Saturday, June 13, 2009


The following is an edited version of my public comments sent to the National Wild Horse & Burro Advisory Board Members on June 10, 2009. To read the full un-edited version, Click Here
-Preserve The Herds

National Wild Horse & Burro Advisory Board
Public Input & Recommenations
(Edited Version)

The current crisis Board members have been forced to address is the direct result of cumulative impacts of management strategies implemented by the BLM through site-specific interpretations of how individual field offices determined what constituted "excessive".

With specific respect to "on-the-range" management, these interpretations have received the smallest amount scrutiny and/or accountability; either by Board Members, the Secretary of the Interior or Congressional oversight and there appears to be no functioning body providing national oversight, sincere review or accountability of these core decisions or of the proposals BLM continues to implement.

This in turn is causing irreparable harm to the public as wild herds continue to lose habitat and to have their allowable population levels repeatedly and consistently reduced throughout the West.

It is at these fundamental levels of relatively unchallenged or independently reviewed decisions that BLM continues to focus their "compliance" to law and rangeland management through an almost exclusively narrow focus on removing "excessive" animals to protect the range.

Yet there is currently little evidence or data available to indicate these AMLs have been set through any legitimate scientific methods or sound processes!

In the 1990 Government Accountability Report (GAO) on the Wild Horse & Burro Program, the GAO's findings were very clear - BLM was unable to provide legitimate methods, processes or data to support actions and decisions regarding wild horse and burro management and how they were determined excessive. Nor was BLM able to provide evidence to show that removing wild horses and burros made any significant impact towards achieving healthier rangelands.

Almost twenty years later, the 2008 GAO report again re-affirmed many of these same issues have still failed to be adequately addressed. After almost 40 years of "management" of America's wild herds, the GAO noted that no manual, handbook or policy had been established to require AML decisions to conform to a standardized system based on sound scientific methods, processes or data.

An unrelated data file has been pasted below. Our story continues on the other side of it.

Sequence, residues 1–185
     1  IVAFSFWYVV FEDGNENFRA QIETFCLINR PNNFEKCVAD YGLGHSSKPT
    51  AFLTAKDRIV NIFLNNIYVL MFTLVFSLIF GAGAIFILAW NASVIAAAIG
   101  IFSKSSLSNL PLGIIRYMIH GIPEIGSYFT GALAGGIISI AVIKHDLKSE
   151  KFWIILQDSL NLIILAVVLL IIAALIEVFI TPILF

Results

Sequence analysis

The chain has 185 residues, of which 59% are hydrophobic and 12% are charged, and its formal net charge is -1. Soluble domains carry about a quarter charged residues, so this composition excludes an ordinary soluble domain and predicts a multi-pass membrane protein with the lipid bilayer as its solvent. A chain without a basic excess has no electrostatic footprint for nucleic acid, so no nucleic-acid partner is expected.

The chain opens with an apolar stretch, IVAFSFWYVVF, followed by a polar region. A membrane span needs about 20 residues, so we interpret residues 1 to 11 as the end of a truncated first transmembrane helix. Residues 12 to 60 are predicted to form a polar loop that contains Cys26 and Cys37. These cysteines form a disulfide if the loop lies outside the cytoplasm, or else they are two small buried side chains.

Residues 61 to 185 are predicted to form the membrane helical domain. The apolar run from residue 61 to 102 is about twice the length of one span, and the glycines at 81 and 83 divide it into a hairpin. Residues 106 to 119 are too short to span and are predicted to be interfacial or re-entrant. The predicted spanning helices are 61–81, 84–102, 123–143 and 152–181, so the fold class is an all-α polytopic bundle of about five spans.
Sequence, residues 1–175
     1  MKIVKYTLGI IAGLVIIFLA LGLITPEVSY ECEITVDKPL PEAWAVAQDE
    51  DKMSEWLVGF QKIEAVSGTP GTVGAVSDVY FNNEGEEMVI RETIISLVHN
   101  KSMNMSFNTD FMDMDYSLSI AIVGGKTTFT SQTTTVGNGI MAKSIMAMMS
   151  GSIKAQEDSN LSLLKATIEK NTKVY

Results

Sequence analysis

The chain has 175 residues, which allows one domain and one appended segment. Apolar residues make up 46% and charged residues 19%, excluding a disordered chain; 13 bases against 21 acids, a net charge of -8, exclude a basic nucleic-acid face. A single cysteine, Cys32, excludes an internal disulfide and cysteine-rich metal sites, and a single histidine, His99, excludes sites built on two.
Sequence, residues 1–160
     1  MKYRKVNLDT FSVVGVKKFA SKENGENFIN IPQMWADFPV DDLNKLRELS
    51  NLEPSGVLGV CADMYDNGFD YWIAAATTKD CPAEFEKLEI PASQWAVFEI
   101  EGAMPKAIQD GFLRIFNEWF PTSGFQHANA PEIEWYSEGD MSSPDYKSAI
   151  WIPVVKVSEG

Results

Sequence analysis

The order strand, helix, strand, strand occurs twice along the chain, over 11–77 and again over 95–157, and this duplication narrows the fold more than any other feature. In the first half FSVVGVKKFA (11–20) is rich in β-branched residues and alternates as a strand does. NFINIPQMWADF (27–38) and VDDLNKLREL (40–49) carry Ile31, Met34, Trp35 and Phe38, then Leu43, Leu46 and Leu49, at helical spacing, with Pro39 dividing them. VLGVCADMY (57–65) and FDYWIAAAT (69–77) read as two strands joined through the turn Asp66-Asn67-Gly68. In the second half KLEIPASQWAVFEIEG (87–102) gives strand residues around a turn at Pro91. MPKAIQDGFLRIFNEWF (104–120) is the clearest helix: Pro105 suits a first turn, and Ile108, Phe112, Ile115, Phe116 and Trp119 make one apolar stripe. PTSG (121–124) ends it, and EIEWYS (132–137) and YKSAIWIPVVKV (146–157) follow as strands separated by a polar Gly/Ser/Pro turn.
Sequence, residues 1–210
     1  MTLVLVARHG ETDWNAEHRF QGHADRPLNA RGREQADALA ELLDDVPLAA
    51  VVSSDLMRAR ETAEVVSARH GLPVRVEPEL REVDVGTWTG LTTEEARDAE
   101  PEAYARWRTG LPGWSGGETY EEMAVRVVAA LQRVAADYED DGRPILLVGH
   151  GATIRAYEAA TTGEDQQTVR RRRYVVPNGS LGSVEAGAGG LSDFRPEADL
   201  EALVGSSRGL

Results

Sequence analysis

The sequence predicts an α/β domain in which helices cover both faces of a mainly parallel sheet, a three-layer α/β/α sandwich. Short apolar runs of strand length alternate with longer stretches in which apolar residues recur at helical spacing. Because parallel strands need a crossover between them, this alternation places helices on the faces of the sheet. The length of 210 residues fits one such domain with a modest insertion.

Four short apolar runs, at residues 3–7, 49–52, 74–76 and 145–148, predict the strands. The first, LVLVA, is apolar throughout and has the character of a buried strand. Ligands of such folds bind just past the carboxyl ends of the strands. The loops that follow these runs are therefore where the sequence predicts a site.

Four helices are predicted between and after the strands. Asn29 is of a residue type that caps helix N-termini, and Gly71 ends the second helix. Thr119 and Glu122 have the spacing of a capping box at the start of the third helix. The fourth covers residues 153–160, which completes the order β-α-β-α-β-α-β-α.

All information currently available indicate these determinations were issued through either a continuation of prior decisions that had little to no data to support those decisions or methods were used that had no basis in actual rangeland conditions, carrying capacity, or within the context of a current thriving natural ecological balance. Review of these plans has revealed they often failed to conform to any system or sound method to establish self-sustaining wild horse and burro populations, protect habitat or even the critical resources necessary for them to survive.

In the 2008 GAO report, one of the considerations given as to why the GAO recommend BLM develop a national standardized system for determining AML was, the GAO asserted the majority of BLM personnel who had the "experience to make informal AML decisions" were quickly retiring. These "informal decisions" are being perpetuated through land use plans and prior AML decisions and are at the very heart of the current crisis that has imperiled all wild horses and burros both on and off the range.

The impacts of using these arbitrary and capricious "informal" methods have resulted in:
~Congress finding it necessary to introduce legislation to amend the 1971 Act to again enforce its original intent due to failures by the Secretary of the Interior and their authorized officers to provide legitimate frameworks to uphold their legally mandated obligations to the American people to preserve and protect free-roaming herds - both now and for future generations - on public lands.